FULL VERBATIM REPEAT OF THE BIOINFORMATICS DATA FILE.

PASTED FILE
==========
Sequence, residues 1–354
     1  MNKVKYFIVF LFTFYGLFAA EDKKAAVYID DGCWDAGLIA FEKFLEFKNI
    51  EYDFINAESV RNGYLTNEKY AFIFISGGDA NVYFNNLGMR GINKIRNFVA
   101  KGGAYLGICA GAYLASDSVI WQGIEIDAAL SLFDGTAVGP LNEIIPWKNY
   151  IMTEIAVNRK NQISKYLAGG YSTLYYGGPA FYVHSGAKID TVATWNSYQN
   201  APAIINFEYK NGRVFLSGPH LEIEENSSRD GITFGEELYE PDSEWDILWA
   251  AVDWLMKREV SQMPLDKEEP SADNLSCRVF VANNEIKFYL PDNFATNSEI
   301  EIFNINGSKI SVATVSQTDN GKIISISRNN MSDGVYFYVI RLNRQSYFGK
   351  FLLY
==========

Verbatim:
Sequence, residues 1–354
     1  MNKVKYFIVF LFTFYGLFAA EDKKAAVYID DGCWDAGLIA FEKFLEFKNI
    51  EYDFINAESV RNGYLTNEKY AFIFISGGDA NVYFNNLGMR GINKIRNFVA
   101  KGGAYLGICA GAYLASDSVI WQGIEIDAAL SLFDGTAVGP LNEIIPWKNY
   151  IMTEIAVNRK NQISKYLAGG YSTLYYGGPA FYVHSGAKID TVATWNSYQN
   201  APAIINFEYK NGRVFLSGPH LEIEENSSRD GITFGEELYE PDSEWDILWA
   251  AVDWLMKREV SQMPLDKEEP SADNLSCRVF VANNEIKFYL PDNFATNSEI
   301  EIFNINGSKI SVATVSQTDN GKIISISRNN MSDGVYFYVI RLNRQSYFGK
   351  FLLY